Chan Wen Li, an assistant professor at University of Nottingham Malaysia, says there is much to learn about supporting someone suffering a mental health crisis, as the Covid-19 pandemic has had a significant impact on mental health.
Unicef, in its recently published report ‘The State of the World’s Children 2021’ highlighted that an estimated 13 per cent of adolescents aged 10-19, suffer from a diagnosed mental disorder.
Former shuttler Daphne Ng admits the lockdowns have left many, especially young children, unhappy and stressed. She says the best medicine is to ensure people stay active – even if it means sweating it out in groups remotely.
Focus on what you have instead of what you don’t. That can alter your perception in a more positive way, writes sports psychologist Elgin Voon.
As doctors in Russia encourage Covid-19 patients to do tai chi, martial artists and coaches in Malaysia are left mentally fatigued over the closure of gyms and ban on contact sports. Their mental health is now a major concern.
You feel sad because you had a bad year? Feel it. Don’t let anyone tell you things like “but you had it better than some people, you should be grateful”, writes sports psychologist Bryan Win.
If all we do is listen to someone so that we can find a solution for them, it’s more likely that the child won’t share his or her struggles. Let’s instead take the time to listen to understand rather than listen to “solve”.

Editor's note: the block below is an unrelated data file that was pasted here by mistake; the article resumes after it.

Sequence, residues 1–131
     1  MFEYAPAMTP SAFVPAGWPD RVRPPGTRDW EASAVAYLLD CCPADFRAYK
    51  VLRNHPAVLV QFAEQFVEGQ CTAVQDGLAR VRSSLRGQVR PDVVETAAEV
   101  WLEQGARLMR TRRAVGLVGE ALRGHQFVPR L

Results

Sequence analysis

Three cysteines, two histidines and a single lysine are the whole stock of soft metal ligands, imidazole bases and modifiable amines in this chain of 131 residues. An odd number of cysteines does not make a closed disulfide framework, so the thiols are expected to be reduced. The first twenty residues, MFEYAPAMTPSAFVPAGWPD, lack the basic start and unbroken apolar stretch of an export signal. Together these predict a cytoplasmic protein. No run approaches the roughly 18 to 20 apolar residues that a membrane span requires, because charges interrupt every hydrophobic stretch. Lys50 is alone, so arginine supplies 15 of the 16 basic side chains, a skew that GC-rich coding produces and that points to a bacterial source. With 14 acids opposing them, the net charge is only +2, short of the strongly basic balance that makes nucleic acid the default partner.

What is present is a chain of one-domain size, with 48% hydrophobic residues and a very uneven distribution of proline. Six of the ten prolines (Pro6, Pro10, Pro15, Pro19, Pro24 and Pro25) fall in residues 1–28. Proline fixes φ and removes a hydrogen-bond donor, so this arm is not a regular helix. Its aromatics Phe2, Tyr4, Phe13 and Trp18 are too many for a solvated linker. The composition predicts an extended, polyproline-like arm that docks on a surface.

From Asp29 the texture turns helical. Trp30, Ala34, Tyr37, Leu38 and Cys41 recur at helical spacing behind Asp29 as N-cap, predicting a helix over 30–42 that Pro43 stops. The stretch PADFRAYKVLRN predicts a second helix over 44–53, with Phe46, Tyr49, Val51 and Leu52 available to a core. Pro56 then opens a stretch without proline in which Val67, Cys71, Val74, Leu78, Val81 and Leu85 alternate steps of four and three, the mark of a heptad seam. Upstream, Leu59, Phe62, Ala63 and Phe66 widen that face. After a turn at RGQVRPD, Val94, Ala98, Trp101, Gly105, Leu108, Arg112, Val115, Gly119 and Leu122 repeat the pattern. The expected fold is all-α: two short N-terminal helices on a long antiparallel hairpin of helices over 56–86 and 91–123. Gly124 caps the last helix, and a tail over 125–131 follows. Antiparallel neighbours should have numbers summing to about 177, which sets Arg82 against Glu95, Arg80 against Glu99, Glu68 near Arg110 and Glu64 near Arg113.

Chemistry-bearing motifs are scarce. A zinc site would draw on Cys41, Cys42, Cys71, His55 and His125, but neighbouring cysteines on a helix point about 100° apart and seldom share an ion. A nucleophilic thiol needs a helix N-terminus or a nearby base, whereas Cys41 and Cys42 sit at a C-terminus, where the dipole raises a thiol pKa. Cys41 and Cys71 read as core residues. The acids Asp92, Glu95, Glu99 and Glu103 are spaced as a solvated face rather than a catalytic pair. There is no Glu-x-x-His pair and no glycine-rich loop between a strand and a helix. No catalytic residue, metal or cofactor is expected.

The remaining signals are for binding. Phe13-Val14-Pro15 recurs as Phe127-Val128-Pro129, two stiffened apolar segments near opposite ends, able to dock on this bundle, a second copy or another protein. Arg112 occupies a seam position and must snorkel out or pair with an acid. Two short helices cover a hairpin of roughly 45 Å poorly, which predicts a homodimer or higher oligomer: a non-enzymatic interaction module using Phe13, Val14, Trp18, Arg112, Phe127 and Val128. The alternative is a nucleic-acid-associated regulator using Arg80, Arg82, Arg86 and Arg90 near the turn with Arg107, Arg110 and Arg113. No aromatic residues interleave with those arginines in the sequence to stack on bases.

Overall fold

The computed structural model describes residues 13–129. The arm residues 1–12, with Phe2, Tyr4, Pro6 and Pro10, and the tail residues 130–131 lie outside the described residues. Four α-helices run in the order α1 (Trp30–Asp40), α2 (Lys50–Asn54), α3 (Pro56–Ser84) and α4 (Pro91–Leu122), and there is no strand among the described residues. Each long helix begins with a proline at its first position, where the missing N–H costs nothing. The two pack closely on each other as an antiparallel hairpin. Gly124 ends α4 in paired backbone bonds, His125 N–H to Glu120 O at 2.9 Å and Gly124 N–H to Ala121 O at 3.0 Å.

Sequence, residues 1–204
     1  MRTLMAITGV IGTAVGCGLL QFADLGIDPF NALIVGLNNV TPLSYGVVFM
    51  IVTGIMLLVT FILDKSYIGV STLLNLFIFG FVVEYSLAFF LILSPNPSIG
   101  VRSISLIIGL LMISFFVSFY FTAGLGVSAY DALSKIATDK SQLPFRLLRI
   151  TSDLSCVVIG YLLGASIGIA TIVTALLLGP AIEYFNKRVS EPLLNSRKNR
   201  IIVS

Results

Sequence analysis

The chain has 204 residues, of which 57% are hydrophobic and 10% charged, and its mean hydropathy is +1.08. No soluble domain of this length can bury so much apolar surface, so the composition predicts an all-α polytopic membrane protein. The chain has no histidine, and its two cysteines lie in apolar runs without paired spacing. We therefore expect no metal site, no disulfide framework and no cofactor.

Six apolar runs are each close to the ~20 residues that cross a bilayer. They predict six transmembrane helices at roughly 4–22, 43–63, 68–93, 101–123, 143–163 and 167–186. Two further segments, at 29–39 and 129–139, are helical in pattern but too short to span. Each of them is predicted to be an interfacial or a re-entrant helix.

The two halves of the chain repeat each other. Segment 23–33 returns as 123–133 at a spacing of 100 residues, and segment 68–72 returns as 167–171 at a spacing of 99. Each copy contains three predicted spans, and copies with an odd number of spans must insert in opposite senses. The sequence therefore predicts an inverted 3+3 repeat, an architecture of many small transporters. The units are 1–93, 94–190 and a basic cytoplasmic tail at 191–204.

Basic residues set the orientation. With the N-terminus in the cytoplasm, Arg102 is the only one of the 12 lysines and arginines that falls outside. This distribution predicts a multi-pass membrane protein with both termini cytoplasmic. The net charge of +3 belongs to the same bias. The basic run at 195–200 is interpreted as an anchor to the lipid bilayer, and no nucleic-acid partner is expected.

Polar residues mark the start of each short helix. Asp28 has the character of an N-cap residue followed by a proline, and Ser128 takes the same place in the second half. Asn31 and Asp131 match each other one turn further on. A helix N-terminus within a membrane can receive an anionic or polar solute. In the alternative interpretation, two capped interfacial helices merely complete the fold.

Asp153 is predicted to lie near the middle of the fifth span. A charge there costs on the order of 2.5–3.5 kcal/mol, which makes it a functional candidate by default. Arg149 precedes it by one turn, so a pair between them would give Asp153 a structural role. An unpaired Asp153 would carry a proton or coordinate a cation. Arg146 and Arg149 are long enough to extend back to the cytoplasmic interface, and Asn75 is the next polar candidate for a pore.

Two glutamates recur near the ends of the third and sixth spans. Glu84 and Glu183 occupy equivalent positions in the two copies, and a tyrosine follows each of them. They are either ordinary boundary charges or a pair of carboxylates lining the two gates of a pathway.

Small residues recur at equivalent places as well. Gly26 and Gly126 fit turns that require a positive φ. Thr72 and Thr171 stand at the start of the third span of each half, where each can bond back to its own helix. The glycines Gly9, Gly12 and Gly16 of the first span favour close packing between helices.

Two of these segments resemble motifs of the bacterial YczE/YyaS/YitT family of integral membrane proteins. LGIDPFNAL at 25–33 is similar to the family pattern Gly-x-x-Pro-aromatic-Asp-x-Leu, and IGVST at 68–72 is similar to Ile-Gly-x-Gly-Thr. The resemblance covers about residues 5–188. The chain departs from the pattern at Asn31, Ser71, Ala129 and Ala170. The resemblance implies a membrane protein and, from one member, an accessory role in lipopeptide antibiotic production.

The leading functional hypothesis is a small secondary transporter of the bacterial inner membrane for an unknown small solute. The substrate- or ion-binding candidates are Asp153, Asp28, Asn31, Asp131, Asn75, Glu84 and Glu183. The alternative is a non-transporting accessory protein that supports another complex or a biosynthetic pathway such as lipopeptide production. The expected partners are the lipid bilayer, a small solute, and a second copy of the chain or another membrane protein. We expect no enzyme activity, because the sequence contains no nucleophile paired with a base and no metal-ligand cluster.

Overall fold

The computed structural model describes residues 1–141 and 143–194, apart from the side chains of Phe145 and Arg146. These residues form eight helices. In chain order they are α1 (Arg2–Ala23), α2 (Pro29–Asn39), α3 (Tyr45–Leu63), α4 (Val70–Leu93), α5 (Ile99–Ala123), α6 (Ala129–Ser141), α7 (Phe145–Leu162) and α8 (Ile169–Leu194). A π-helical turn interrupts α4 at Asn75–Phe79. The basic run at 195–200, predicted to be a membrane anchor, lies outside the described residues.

It’s hard asking for help and support from a professional when you’re injured and are in a dark place. What is even more difficult is going through your problems alone.
Equipping students with mental health literacy will help create a generation of Malaysians who will be able to appreciate and understand the subject better.
Mind Gap’s #LuarBIASA campaign is to remind us that athletes experience many similar mental health issues and are just like any other human.
Current and former national athletes share how they face mental challenges in a virtual forum organised by Mind Gap in conjunction with World Mental Health Day yesterday.
Malaysia’s elite athletes must continue to sharpen their minds to ensure they stay on top of their game, says National Sports Institute’s psychology officer Philip Lew.
We need to keep our eyes and ears open and be on the lookout for our loved ones always. Rest in peace, Sanjiv Daevin.